Background: The transcription factor Nrf2 plays an important role in the cellular defensive machinery against oxidative stress and inflammation and is a potential therapeutic target in human disease. The synthetic triterpenoids including CDDO and its methyl (CDDO-Me, bardoxolone methyl) and imidazolide (CDDO-Im) derivatives have been shown to enhance Nrf2-mediated antioxidant activity in a number of diseases. However, how triterpenoids activate Nrf2 is poorly understood. It has been suggested that triterpenoids are capable of reacting with thiols on Keap1, leading to disruption of the Keap1-Nrf2 association and upregulation of an Nrf2 response. Unlike CDDO-Me, CDDO-Im has an extra reactive site which could covalently bind to other amino acid residues than cysteine. This study aims to investigate how CDDO-Im covalently binds to proteins and the potential intracellular protein targets that may be vital for the molecular pharmacological actions of CDDO-Im.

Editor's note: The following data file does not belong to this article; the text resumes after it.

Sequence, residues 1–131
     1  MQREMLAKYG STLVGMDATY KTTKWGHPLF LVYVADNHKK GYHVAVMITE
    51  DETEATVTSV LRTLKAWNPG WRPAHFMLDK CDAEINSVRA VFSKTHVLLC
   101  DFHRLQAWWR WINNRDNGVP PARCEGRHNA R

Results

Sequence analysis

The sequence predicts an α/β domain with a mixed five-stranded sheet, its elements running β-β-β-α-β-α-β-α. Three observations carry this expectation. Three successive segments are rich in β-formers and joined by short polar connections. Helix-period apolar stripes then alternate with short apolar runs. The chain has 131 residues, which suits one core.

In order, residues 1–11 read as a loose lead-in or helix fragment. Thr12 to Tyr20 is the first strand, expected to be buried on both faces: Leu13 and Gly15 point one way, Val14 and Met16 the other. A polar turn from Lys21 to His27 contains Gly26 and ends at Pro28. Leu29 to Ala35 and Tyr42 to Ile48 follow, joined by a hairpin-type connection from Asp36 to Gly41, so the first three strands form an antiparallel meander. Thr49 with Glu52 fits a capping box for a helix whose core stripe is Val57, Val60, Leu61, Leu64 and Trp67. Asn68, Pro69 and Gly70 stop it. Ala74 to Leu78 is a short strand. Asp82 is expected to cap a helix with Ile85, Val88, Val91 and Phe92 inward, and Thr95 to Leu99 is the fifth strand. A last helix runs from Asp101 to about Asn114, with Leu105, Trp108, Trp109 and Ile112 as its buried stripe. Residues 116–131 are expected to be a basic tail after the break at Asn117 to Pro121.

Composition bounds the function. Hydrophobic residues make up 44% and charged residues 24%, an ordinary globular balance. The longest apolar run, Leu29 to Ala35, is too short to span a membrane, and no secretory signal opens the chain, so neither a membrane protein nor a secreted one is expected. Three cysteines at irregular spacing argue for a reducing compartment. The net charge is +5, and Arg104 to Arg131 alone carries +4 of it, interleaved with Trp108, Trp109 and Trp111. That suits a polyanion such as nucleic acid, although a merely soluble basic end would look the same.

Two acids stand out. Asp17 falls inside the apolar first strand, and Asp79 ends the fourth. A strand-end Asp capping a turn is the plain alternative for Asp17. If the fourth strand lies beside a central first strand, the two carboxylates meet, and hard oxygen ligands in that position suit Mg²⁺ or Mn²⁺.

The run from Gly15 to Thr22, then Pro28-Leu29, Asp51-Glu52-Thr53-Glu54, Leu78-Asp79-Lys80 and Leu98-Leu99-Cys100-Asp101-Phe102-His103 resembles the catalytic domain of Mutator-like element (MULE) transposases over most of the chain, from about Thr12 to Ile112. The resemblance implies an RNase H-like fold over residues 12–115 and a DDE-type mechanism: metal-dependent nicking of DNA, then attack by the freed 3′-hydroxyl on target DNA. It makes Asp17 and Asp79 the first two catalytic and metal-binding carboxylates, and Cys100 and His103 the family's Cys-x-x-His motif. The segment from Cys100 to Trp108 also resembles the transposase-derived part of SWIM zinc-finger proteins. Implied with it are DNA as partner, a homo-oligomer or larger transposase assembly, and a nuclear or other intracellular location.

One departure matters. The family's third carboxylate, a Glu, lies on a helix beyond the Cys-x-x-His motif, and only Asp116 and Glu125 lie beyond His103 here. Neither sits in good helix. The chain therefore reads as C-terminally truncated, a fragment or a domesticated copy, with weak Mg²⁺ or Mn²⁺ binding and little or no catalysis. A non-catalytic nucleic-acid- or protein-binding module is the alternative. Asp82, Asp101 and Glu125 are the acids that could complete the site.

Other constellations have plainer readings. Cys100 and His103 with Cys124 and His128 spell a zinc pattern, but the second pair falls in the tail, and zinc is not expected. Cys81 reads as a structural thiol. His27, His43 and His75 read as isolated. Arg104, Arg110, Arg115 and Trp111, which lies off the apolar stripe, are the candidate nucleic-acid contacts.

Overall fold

Methods & results: Here, model proteins such as HSA and GSTP were used to determine the potential chemical reactivity of CDDO-Im towards proteins. Mass spectrometric analysis revealed that CDDO-Im, similar to CDDO-Me, formed covalent adduct with cysteine residues on HSA and GSTP through Michael addition. More importantly, for the first time, we have shown that CDDO-Im can covalently modify lysine, arginine, serine, and tyrosine residues on HSA via transacylation mechanisms. Cross-linking adducts derived from acylation and Michael addition to an adjacent cysteine residue and two different tryptic peptides were also detected.
Conclusion: This study provided new insights into the chemical mechanisms of action of CDDO-Im and paved the way for exploring potential novel targets for CDDO-Im.